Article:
Today, we're thrilled to share an extraordinary new work from our Global Senior Fellow Bayo Akomolafe. In many ways, Bayo's piece defies any simple description or summary, but at its most basic, this two-part essay seeks to explore the limits of the Black Lives Matter frame in advancing justice and the possibility for reimagining identities altogether. Bayo does so by asking a number of questions, all of which have no simple answers: Are there limitations to representation, risks to becoming recognized, and troubling impasses with the project of speaking truth to power? Is representation – being given access to spaces of power and enjoying systemic privileges that come along equity – mediated by forces beyond its grammar? In naming Black lives the way we do, what is surfaced and what is lost?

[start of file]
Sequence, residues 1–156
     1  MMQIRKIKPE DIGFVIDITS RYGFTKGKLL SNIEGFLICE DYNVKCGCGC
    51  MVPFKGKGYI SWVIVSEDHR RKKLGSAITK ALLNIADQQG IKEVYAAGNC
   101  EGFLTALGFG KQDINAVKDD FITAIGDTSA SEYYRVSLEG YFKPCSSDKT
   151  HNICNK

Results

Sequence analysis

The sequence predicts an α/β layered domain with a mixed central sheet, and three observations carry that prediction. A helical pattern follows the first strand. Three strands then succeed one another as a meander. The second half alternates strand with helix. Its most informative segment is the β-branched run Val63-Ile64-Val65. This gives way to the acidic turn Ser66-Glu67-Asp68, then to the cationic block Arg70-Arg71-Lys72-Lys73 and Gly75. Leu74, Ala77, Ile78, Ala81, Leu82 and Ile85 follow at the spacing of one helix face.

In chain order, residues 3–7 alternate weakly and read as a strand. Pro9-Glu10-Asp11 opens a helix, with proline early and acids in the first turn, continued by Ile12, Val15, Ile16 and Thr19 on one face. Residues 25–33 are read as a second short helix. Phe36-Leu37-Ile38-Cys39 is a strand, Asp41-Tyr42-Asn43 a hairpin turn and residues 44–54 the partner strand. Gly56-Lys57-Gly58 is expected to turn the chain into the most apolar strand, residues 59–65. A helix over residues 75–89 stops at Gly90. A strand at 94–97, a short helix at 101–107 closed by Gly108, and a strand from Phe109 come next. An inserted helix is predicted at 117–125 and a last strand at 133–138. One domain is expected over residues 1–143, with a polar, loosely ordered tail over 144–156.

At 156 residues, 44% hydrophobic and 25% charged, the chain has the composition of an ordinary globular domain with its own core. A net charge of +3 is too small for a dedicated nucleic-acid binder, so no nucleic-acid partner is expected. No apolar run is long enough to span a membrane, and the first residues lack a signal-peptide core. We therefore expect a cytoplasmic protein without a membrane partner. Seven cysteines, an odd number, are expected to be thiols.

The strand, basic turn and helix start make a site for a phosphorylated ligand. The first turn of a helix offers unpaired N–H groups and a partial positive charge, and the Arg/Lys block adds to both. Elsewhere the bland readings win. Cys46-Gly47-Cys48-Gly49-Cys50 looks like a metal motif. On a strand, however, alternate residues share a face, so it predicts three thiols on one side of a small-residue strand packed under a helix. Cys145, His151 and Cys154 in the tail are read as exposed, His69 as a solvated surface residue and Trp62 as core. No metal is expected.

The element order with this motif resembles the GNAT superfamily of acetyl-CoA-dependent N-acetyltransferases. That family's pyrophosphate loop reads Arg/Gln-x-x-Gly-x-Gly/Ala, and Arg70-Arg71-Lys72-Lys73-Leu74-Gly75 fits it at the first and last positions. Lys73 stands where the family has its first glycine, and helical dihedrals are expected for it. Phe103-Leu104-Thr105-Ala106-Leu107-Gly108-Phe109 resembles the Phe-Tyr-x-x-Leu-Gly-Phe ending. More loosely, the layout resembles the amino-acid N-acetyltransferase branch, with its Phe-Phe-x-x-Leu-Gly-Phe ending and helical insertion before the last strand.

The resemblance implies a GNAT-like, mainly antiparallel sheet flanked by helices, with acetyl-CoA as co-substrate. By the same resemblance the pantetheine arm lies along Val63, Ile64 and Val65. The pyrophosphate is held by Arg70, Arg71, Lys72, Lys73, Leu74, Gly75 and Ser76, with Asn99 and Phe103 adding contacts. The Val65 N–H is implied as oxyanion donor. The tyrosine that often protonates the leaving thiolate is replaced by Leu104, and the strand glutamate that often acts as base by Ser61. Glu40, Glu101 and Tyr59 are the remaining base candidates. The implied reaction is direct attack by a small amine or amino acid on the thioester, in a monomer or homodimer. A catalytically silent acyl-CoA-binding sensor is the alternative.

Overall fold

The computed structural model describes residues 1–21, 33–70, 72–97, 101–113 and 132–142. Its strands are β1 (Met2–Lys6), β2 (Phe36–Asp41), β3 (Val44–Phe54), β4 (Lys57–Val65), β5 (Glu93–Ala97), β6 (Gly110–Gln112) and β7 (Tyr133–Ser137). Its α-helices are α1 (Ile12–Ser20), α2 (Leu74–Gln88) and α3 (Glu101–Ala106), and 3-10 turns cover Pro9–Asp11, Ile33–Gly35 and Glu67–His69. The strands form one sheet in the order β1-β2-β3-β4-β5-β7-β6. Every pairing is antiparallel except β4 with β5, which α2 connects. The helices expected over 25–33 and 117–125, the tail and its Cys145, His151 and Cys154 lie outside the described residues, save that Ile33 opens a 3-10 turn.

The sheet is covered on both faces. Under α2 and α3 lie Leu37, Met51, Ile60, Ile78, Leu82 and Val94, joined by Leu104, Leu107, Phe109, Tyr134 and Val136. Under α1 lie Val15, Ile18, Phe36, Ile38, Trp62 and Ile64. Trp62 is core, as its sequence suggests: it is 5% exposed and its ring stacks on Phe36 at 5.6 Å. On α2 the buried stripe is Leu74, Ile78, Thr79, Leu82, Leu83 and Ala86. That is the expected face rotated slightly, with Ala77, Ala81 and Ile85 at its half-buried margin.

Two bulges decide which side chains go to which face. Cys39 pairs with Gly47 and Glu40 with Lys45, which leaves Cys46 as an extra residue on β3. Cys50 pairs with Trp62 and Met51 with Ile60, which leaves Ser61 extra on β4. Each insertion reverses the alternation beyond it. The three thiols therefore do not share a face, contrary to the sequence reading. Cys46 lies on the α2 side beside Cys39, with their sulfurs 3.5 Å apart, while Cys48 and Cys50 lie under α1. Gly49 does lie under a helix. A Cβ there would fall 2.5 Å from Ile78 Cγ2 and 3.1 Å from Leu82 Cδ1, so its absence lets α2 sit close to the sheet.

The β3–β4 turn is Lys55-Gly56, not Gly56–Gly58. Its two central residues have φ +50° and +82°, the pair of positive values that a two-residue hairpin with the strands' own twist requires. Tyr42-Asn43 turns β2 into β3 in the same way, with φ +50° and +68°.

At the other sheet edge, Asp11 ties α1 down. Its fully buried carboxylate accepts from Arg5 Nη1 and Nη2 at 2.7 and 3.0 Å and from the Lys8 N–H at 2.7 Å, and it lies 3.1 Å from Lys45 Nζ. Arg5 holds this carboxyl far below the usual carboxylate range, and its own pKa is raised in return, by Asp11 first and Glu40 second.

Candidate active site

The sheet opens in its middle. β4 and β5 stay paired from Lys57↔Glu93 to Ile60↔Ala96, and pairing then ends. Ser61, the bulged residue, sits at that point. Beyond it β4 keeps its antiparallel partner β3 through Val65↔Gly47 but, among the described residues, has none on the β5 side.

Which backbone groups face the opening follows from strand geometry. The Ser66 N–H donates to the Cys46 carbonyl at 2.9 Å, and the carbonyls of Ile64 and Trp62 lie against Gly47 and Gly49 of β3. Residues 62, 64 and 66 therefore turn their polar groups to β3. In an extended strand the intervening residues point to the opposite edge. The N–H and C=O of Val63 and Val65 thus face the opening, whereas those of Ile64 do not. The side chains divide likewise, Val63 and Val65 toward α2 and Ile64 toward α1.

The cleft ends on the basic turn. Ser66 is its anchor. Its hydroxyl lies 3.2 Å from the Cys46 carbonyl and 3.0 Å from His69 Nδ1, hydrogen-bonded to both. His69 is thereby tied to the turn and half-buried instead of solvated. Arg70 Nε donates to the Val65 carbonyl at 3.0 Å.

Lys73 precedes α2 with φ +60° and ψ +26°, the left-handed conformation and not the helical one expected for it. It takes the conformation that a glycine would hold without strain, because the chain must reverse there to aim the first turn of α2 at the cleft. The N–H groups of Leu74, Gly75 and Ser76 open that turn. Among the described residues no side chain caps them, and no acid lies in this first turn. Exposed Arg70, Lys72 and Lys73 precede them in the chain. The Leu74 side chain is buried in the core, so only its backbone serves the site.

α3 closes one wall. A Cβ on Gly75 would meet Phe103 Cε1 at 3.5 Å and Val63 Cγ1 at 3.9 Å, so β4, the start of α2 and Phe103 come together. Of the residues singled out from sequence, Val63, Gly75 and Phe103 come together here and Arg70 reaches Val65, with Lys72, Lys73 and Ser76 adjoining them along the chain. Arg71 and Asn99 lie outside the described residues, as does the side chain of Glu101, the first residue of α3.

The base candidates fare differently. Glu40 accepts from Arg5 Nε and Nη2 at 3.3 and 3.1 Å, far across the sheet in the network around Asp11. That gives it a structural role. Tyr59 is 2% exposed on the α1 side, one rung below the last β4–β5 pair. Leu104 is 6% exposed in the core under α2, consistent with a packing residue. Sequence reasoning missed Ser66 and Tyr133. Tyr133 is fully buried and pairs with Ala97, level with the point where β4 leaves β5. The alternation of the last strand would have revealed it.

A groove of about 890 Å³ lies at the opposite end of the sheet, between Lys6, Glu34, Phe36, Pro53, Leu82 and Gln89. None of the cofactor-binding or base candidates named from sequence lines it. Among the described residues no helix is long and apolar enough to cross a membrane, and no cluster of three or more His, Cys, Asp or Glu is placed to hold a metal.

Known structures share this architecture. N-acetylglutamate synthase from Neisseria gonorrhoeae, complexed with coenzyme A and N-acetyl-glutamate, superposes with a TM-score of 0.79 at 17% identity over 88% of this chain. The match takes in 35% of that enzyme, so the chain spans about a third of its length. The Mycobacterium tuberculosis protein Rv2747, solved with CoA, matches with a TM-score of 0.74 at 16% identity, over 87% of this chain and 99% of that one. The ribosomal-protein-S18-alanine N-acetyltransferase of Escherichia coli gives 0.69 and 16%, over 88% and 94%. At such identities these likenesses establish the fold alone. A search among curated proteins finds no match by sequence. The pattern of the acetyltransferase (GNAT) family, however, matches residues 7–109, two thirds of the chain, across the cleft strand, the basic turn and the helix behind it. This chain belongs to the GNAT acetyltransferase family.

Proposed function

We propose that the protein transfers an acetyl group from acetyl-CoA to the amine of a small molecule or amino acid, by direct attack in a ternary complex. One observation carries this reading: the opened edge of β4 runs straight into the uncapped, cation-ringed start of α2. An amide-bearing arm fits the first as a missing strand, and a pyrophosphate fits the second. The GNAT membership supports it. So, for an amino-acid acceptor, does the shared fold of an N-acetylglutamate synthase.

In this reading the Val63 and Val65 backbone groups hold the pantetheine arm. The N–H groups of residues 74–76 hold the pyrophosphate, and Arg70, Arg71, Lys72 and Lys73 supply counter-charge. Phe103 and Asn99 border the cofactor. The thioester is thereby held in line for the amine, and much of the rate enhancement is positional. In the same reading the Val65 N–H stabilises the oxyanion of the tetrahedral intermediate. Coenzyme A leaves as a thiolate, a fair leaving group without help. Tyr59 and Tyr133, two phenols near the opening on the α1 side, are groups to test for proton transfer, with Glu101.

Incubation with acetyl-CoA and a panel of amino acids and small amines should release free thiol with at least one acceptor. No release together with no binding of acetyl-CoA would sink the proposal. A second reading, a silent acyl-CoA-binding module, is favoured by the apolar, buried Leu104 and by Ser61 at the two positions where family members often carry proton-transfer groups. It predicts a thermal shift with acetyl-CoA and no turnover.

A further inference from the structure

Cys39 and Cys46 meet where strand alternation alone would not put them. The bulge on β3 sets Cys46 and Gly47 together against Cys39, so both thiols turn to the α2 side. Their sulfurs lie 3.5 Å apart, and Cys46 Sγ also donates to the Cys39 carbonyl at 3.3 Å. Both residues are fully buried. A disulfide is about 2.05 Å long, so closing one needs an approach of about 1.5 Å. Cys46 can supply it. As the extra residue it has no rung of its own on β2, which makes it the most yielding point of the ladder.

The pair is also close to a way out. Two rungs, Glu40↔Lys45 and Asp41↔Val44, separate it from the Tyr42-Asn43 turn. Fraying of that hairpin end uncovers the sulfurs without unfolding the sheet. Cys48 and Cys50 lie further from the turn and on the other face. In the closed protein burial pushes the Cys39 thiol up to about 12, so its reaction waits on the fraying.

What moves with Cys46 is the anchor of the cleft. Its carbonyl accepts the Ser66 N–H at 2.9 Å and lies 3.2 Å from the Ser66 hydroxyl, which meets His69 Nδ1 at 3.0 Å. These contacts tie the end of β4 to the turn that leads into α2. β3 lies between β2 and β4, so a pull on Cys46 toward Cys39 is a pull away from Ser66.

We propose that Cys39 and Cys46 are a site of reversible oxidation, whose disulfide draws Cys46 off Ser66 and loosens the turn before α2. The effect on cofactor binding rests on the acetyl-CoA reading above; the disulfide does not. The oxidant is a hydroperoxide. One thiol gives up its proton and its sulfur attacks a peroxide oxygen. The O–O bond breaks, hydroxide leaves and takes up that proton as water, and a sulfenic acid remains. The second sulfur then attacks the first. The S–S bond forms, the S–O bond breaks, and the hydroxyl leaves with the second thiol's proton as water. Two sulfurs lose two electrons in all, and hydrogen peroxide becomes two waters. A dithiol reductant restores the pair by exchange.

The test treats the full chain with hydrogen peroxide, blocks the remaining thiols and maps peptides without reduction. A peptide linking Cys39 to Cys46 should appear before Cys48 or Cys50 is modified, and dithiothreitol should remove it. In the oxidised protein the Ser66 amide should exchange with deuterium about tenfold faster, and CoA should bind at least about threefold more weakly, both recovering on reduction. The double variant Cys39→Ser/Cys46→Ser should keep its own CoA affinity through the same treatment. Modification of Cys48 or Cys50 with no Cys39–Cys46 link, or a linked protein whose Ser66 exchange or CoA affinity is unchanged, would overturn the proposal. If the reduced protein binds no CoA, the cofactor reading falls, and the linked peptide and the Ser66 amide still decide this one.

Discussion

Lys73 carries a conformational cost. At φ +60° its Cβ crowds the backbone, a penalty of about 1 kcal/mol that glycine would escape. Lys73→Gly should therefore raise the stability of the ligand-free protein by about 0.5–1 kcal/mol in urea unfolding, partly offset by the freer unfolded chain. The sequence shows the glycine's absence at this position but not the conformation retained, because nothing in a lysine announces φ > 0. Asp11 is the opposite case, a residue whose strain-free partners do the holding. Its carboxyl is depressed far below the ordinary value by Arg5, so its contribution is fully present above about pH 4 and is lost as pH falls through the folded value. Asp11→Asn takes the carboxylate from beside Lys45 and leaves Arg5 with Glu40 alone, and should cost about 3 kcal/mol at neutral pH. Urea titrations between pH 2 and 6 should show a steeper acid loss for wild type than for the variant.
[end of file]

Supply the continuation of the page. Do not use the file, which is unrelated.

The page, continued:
By asking these questions, Bayo grasps at an entirely new premise: not just if or how Black lives matter, but how does black matter live?
This essay is about exile, refusal, and wild experimentation as viable political projects we must entertain, especially in moments when the prospects of inclusion and justice, the promise of diversity, and the logistics of equity no longer appear to be in league with our hopes for radical transformation.
Editor's note: The ideas expressed in this blog post are not necessarily those of the Othering & Belonging Institute or UC Berkeley, but belong to the author.